E. coli belongs to a large group of bacteria called Escherichia coli. Many E. coli are harmless and they live in the intestines of animals and humans as they contribute to intestinal health. However, eating or drinking food or water contaminated with certain types of E. coli can cause mild to severe illness. Some are even life-threatening.
An estimated 150 million UTIs occur each year worldwide, accounting for $6 billion in healthcare costs, according to the American Urological Association. The bacterium E. coli is responsible for the majority of them. Antibiotics are the standard treatment, but often the infection returns when treatment is stopped.
Pooja Balani, a doctoral student at Northeastern University works on studying E. coli in urine samples from some 500 patients suffering from relapsing urinary tract infections. She aims to find an exact same mutation in the pathogens’ genes that could probably put people with relapsing UTIs on the fast track for a new therapeutic regimen.
“We took a large collection of E. coli isolates from patients with relapsing UTIs,” explains Balani. “And we found that quite a number of those isolates had exactly the same mutation—in a gene called hipA—that we and other scientists have seen in test-tube experiments.” After hours of tests poring over both test-tube cultures of E. coli and patients’ UTI isolates, in search of hipA mutations, she was delighted by what she saw: hipA leapt to the fore in both populations.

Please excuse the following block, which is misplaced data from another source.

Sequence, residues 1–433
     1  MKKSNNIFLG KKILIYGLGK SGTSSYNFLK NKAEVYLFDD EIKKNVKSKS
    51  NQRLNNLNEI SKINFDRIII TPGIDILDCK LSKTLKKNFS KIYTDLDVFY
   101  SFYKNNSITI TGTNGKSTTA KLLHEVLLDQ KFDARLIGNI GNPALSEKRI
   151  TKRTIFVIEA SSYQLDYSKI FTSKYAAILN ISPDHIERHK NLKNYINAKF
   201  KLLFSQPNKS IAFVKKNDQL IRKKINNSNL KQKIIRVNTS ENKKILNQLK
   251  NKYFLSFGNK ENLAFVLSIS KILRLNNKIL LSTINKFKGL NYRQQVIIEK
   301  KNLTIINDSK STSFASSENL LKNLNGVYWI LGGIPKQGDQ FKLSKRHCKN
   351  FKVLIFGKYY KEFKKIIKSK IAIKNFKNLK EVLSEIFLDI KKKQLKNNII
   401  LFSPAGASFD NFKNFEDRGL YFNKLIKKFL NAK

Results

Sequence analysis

Her research also focuses on certain bacteria achieving antibiotic tolerance. Bacteria are one-cell organisms. To reproduce, they simply divide: One cell becomes two cells, and so on, until an army of progeny infects the host—here, a person’s urinary tract. Sometimes the division results in one active bacteria cell which continues to grow and divide and one that is alive but stops growing—it is dormant, and which eventually escapes the onslaught of active bacteria by the antibiotic.
Knowing this genetic mechanism could enable clinicians to customise treatment for relapsing UTIs. “You can track whether your patient has E. coli with a hipA mutation, and if so, introduce a pulse-dosing regimen,” says Balani, citing his earlier paper about pulse dosing and the pathogen that causes Lyme disease. Pulse dosing, he says, is straightforward: You give the patient an antibiotic and it kills all the growing cells. Then the persister cells start “waking up.” However, before they can divide to form a new population, you hit them with the antibiotic again. “In a test tube, if you repeat this process a couple of times, you can completely eradicate the population,” Balani says. “I believe that the same thing can be done in people.”